Eclipse and the ADT plugin provide GUIs and wizards to create all three types of projects (Android project, Library project, and Test project):
The ADT plugin provides a New Project Wizard that you can use to quickly create a new Android project (or a project from existing code). To create a new project:
Select the lowest platform with which your application is compatible.
Note: You can change your the Build Target for your project at any time: Right-click the project in the Package Explorer, select Properties, select Android and then check the desired Project Target.
minSdkVersionattribute in the <uses-sdk> of your Android Manifest file. If you're unsure of the appropriate API Level to use, copy the API Level listed for the Build Target you selected in the Target tab.
Tip: You can also start the New Project Wizard from the New icon in the toolbar.
A library project is a standard Android project, so you can create a new one in the same way as you would a new application project.
When you are creating the library project, you can select any application name, package, and set other fields as needed, as shown in figure 1.
Next, set the project's properties to indicate that it is a library project:
The new project is now marked as a library project. You can begin moving source code and resources into it, as described in the sections below.
You can also convert an existing application project into a library. To do so, simply open the Properties for the project and select the "is Library" checkbox. Other application projects can now reference the existing project as a library project.
A library project's manifest file must declare all of the shared components that it includes, just as would a standard Android application. For more information, see the documentation for AndroidManifest.xml.
For example, the TicTacToeLib example library project declares the Activity
<manifest> ... <application> ... <activity android:name="GameActivity" /> ... </application> </manifest>
If you are developing an application and want to include the shared code or resources from a library project, you can do so easily by adding a reference to the library project in the application project's Properties.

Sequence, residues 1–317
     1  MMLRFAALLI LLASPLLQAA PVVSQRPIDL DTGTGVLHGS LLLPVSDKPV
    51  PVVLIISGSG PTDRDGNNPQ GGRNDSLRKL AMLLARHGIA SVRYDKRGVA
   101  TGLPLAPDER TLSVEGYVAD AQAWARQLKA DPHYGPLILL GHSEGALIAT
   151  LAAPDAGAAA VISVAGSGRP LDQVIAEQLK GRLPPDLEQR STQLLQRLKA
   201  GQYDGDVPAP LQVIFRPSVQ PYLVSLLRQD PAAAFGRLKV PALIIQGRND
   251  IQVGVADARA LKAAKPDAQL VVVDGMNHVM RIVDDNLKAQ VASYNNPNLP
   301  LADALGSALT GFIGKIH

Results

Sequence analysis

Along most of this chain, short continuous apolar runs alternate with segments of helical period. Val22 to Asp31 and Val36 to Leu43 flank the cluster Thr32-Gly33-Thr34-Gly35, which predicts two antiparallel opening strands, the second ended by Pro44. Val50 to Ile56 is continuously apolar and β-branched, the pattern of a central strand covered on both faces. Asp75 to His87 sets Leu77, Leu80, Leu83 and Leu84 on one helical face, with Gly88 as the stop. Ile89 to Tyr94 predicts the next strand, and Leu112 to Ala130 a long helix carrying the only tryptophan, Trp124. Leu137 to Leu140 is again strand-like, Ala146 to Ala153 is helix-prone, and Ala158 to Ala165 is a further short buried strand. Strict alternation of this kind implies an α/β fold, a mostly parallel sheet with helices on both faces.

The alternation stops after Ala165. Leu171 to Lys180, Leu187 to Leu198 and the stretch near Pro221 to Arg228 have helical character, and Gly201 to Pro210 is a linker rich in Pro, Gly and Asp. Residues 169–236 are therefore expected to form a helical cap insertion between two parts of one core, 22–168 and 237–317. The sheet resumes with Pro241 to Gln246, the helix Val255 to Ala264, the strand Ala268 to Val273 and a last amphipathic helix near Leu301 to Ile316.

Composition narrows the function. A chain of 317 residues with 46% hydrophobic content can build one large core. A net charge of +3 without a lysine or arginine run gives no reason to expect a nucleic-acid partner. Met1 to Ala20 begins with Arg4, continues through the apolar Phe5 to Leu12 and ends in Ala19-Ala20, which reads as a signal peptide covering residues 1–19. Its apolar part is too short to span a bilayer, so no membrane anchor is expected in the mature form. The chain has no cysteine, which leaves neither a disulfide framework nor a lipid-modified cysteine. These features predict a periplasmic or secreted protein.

To add a reference to a library project, follow these steps:
As soon as the Properties dialog closes, Eclipse rebuilds the project, including the contents of the library project.
Figure 2 shows the Properties dialog that lets you add library references and move them up and down in priority.
If you are adding references to multiple libraries, note that you can set their relative priority (and merge order) by selecting a library and using the Up and Down controls. The tools merge the referenced libraries with your application starting from lowest priority (bottom of the list) to highest (top of the list). If more than one library defines the same resource ID, the tools select the resource from the library with higher priority. The application itself has highest priority and its resources are always used in preference to identical resource IDs defined in libraries.
In the manifest file of the application project, you must add declarations of all components that the application will use that are imported from a library project. For example, you must declare any
<provider>, and so on, as well as
<uses-library>, and similar elements.
Declarations should reference the library components by their fully-qualified package names, where appropriate.
For example, the TicTacToeMain example application declares the library Activity
GameActivity like this:
<manifest> ... <application> ... <activity android:name="com.example.android.tictactoe.library.GameActivity" /> ... </application> </manifest>
For more information about the manifest file, see the documentation for AndroidManifest.xml.